Last updated: September 11, 2017
September 11, 2017
Before I even begin walking down the stone steps that lead onto the overlook I can hear the conversation ahead, and a bit more disappointment sets in. The SUV in the dirt parking area was evidence I wouldn’t be alone, but from the voices it’s clear that there are more than one or two people here. This is the sixth or seventh trip I’ve made to this semi-secret spot on the south rim of the Grand Canyon and it has started to feel like my personal property. Though it is of course public, part of the National Park, there are few visitors who have the time, energy, and knowledge to hike a two mile round trip to see the same canyon they can see from the bus. Of an average of ten thousand Park tourists a day, perhaps a half dozen find their way here - and usually not so early in the morning.
If you know whereof I write, you won’t have to be cautioned to let this location remain tranquil. If you don’t, ask me and I may share the directions anyway - if I like you. One of the special attributes of the Grand Canyon is the fact that this vast open space contains no sound but the wind. There are few places remaining in civilization where that’s true, and most of the south rim is included in that sad category. Unlike the dozens of named Points on the Park Map frequented by those thousands of chattering camera-centric humans, this site with its 280 degree view makes us want to whisper to each other, even to wish we came alone. As I thought I would be today.
The group clusters on the very edge of the cliff, some with arms around each other, one tightly holding the hand of a small child. Down in the inner gorge it is still cool and dark. Pastel blues in lower parts of the canyon are slowly giving way to the day’s blinding reds and yellows. The family faces out across ten miles of nothing but serenity and dry desert wind, to where Cape Royal on the North Rim guards Wotan’s Throne and Vishnu Temple. I have to admit, the conversation is muted, and they look like nice folks.
The mile long walk to this spot, a gradual uphill, is full of life. The forest is mixed Ponderosas and the Pinyon/Juniper community, sharing this altitude. Birds sing constantly. Once an old and ornery Bull Elk gave us pause; once a flicker of movement below my feet turned out to be a baby Horned Lizard, tiny and tubby. Walking through the woods is part of my DNA, probably has been since my ancestors walked out of Africa, ready to take on the northern hemisphere. Upright on two straight legs, I see the world as a predator does. Yet I feel vulnerable too. This is Cougar territory. I’m not in charge here. Was it Ed Abbey who, when asked to describe Wilderness called it “anyplace where there are large mammals that can kill and eat you”? There is death here as much as life; we all get dealt the pair. Ante up, gents. Burnt trees illustrate fires past, ravens cackle out of my sight, and above the canyon Turkey Vultures endlessly circle.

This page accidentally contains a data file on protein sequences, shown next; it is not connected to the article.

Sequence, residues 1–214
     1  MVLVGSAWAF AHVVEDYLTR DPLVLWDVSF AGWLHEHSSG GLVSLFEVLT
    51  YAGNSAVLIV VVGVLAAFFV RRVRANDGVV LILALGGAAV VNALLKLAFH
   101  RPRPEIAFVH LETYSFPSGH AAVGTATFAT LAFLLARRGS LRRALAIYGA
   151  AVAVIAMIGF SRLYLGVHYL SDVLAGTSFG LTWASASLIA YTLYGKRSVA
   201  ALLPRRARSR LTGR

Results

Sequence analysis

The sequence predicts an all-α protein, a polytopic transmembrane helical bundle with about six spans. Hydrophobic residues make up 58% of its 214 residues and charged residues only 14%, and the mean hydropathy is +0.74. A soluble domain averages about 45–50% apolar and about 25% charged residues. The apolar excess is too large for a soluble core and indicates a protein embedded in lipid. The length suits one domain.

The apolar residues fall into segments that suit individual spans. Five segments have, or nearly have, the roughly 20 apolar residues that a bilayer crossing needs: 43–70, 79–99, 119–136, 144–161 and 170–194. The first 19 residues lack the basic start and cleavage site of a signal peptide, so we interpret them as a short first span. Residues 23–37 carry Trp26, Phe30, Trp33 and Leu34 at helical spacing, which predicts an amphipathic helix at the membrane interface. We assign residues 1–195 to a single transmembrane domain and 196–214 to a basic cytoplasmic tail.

Solitude nurtures philosophical musing. Found here and there on deserted Arctic island are manmade cairns of rocks called “inukshuk,” shaped like humans. Built long ago by Inuit travelers, they are perhaps signposts, billboards, road maps. A poignant guess as to meaning, though, is that they signal “I was here, too”. Thus a lost hunter, finding one and not finding a nearby skeleton, can conclude that he is not the first guy to be trapped here, and there is a way home if he can just find it. The most common inukshuk is a simple vertical rock standing up in the landscape, tall and erect as only the human race is.
There is one right here. The huge upright boulder on this Grand Canyon point is only a dramatic natural feature, yet it reminds me of that human-created symbol. We desire our lives to have meaning, as they can seem short and painful, and we often see meaning in the geological features of the planet as well as other places where it is not there. Each of us walks alone. Nevertheless we are inspired by a vision of community in which we hold each other’s hand on this path we all travel.
I sit down by this tall and ancient landmark, respecting that the group before me was here first. I’ll step out to the edge of the precipice only after they have had their fill of wind and stone and light. It takes just a few minutes before I realize they are spreading ashes across the timeless silent void. The picture becomes clear. Somebody else loved this place the way I do, made the request of family to end up here, and I suspect it comforted him or her in their last days. Promises were made with love, promises are being kept. Whatever else we may be, we’re all children of the Earth. I share a sad smile and nod with one of the mourners, then stay back, sacrificing my own blessing for theirs. And I leave after a few minutes of quiet prayer.
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This blog is meant to encourage awareness and thoughtfulness about the Grand Canyon, one of our most precious resources. It is not merely a story of what happens or has happened here, not a cookbook for what you should make of it yourself, but more an example of the many-faceted inspiration the Canyon nurtures in an artist, perhaps in you. Indeed, inspiration may be the Canyon's greatest resource.
These words are sincere, my own take on this world, deliberately non-academic and directed toward users of social media. In no way does it represent the policies or opinions of the National Park Service, although it is done under the auspices of that entity, but is offered in gratitude, with my respect and admiration for these soldiers of conservation. George H. Jacobi 2017